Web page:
1972 List

1972 Classic Rock Reviews
1972 Music
We featured albums from the year 1972 during November and December 2012. During this 40th anniversary celebration of this music, we have written original reviews the following albums:

*1972 Album of the Year

Below are further descriptions of each album, in the order that we reviewed.

November 2, 2012
Foxtrot by GenesisFoxtrot is a solid album by Genesis, which struck a nice balance between jam-oriented progressive rock and theme-oriented art rock with not a weak single moment anywhere on the album. It would become the first in a trilogy of classic albums by the band in the early 1970s.

Review of Foxtrot

November 7, 2012
Can't Buy a Thrill by Steely DanFor a debut effort, Can’t Buy a Thrill by Steely Dan is quite polished and refined. This is hardly a surprise as the group’s founders and core songwriters Donald Fagen and Walter Becker are notorious for their near-obsessive perfectionism in the studio.

Review of Can’t Buy a Thrill

November 11, 2012
Harvest by Neil YoungHarvest is an album of Americana personified by Neil Young. It is where rock and roll goes to Nasville (literally), with simple and tight rhythms and subtle acoustic guitars are flavored by distant steel guitars and harmonica all under clearly vocalized lyrics about the simple struggles of life.

Review of Harvest

November 15, 2012
Obscured By Clouds by Pink FloydOne of the lost treasures of classic rock and, by far, the most overlooked album by Pink Floyd during their classic era, Obscured by Clouds acted as a mere warm-up for the more ambitious and highly-regarded 1973 classic Dark Side of the Moon. Still the music here is excellent.

Review of Obscured by Clouds

November 20, 2012
The Rise and Fall of Ziggy Stardust and the Spiders from Mars by David BowieThrough a very long and distinguished career, David Bowie’s absolute classic is the 1972 album The Rise and Fall of Ziggy Stardust and the Spiders from Mars. It takes the musicianship and experimental of Bowie’s previous albums to a whole new level and, although it is a concept album, nothing feels forced and nowhere is it repetitive, just a grand parade of songs which collectively tell a story.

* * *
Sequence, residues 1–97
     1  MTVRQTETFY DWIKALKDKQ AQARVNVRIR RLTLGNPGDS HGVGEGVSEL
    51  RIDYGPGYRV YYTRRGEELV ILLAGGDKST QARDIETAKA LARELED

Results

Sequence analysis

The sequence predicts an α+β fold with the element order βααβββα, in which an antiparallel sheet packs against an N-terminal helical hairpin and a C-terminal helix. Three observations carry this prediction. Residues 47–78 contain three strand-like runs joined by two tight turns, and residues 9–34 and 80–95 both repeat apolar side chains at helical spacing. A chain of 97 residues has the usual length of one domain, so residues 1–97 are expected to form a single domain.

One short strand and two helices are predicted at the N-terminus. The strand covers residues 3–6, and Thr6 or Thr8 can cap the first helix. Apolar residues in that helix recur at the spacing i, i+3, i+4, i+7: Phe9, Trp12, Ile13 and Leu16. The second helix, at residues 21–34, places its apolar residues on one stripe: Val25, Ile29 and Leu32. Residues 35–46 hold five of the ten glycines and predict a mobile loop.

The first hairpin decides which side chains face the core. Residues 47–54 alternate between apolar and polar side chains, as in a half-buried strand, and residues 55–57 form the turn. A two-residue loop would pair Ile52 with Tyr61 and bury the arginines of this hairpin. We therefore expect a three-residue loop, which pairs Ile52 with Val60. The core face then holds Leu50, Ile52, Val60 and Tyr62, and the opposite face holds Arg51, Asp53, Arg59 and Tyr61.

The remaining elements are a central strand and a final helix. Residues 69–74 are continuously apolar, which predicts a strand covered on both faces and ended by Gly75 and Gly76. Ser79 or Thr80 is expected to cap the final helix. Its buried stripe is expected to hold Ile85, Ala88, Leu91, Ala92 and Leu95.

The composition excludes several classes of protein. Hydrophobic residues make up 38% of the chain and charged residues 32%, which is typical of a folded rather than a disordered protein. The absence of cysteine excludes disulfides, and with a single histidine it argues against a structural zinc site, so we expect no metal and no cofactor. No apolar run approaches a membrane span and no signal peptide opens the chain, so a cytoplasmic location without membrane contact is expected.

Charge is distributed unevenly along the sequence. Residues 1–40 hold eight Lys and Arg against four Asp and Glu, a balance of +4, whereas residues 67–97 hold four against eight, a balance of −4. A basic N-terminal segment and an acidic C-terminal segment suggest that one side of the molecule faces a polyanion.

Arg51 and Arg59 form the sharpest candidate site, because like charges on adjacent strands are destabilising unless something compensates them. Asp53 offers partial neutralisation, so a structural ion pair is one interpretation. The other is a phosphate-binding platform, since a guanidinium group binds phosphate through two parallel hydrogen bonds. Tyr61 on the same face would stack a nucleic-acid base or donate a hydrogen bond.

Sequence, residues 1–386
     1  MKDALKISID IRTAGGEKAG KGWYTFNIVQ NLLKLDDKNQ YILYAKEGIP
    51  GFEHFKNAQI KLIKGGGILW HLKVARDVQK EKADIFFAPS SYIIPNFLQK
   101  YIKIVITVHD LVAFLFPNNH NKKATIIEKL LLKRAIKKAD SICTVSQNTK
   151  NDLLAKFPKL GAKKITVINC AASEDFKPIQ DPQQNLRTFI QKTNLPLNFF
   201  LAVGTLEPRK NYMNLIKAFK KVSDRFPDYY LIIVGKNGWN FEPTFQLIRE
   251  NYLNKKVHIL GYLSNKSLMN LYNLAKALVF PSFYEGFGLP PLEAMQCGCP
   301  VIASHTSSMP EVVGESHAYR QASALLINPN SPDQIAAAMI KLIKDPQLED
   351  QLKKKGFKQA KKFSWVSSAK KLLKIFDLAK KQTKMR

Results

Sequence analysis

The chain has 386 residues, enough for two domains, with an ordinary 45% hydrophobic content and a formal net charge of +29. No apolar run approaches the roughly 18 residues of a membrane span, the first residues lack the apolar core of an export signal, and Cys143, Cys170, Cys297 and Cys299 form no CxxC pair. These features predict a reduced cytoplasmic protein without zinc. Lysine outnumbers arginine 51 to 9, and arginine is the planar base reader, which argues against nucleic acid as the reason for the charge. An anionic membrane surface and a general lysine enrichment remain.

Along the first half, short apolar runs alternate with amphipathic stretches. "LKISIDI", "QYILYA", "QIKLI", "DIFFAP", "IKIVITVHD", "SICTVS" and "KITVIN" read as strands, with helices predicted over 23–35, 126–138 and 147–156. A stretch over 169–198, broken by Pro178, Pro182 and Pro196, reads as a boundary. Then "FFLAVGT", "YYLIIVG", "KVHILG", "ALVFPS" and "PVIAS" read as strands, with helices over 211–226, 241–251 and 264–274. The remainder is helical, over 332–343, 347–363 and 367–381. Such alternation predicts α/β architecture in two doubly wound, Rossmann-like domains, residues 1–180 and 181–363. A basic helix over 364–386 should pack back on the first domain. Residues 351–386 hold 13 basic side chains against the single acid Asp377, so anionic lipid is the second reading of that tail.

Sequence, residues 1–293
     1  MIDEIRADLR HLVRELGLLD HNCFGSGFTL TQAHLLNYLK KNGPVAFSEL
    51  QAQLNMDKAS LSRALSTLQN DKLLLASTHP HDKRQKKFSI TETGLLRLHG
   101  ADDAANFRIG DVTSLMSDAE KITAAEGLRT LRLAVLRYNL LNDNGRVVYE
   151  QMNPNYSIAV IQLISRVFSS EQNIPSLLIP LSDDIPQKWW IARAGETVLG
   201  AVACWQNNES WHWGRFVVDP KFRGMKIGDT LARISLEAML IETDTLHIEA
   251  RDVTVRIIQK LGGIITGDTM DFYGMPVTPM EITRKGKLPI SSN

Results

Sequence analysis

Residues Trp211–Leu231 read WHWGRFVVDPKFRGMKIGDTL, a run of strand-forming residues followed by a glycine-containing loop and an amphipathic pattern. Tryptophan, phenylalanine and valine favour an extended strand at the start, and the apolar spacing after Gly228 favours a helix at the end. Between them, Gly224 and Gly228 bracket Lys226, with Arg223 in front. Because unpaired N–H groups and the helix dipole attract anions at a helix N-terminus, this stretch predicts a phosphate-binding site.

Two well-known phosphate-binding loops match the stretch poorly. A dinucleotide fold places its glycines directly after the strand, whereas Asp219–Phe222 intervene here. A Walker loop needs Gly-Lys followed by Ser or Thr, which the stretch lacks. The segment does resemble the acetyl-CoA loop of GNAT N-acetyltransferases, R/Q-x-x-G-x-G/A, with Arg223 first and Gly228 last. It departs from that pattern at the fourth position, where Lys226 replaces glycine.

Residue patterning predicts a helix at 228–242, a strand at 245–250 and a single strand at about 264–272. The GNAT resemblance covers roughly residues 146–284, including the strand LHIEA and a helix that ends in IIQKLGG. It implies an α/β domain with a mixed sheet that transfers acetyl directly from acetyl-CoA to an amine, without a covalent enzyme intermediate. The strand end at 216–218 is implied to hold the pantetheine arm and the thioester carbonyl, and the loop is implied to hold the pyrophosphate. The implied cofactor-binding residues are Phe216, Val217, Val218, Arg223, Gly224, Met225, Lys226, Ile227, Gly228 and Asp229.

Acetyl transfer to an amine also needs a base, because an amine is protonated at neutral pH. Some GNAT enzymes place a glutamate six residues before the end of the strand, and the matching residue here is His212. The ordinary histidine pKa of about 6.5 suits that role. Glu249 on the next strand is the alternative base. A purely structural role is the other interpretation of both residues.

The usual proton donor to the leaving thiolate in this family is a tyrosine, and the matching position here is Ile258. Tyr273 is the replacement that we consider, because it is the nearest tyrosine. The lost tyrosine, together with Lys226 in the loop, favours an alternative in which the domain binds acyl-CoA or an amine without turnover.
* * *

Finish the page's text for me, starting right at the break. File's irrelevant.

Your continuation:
Review of The Rise and Fall of Ziggy Stardust and the Spiders from Mars

November 25, 2012
Exile On Main Street by The Rolling StonesMany esteemed and big-name rock publications have rated Exile On Main Street by The Rolling Stones as one of the greatest albums of all time. While the music is legitimate rock throughout, this 1972 double album pales in comparison to its predecessor and breaks very little new ground to be held in such esteem.

Review of Exile On Main Street

November 29, 2012
The EaglesThe Eagles produced a very impressive debut album in 1972, both in songcraft and pure sound. All four original members of the band participated in writing and singing lead on multiple tunes, and the album spawned more radio hits than any of the band’s early efforts.

Review of The Eagles

December 3, 2012
Paul Simon debut albumWith his first solo effort after the breakup of Simon and Garfunkel, Paul Simon distinguished himself finely by exploring many root-American genres as well as some world musical influences. Simon instantly staked his own claim in the musical landscape with this first of many interesting albums.

Review of Paul Simon

December 10, 2012
Fragile by YesFragile, the fourth album by Yes is really a bridge between its rock-influenced predecessors and the nearly pure prog albums which would follow. The album features four tracks of full band performances interspersed by five short tracks which each showcase an individual member of the band.

Review of Fragile

December 14, 2012
Eat a Peach by The Allman Brothers BandA unique hybrid album that literally bridges two eras of The Allman Brothers Band, the 1972 double album Eat a Peach was recorded prior to and in the wake of the tragedy which took the life of lead guitarist Duanne Allman. Allman was killed in a motorcycle accident in October 1971 and the album is a tribute to him and his fantastic guitar work.

Review of Eat a Peach

December 17, 2012
Blue Oyster CultThe eponymous debut album by Blue Öyster Cult kicked off the year 1972 as well as the recording career of this Long Island, New York based rock group. Often referred to as “the thinking man’s heavy metal group” or “heavy metal for those who hate heavy metal”.

Review of Blue Öyster Cult

December 20, 2012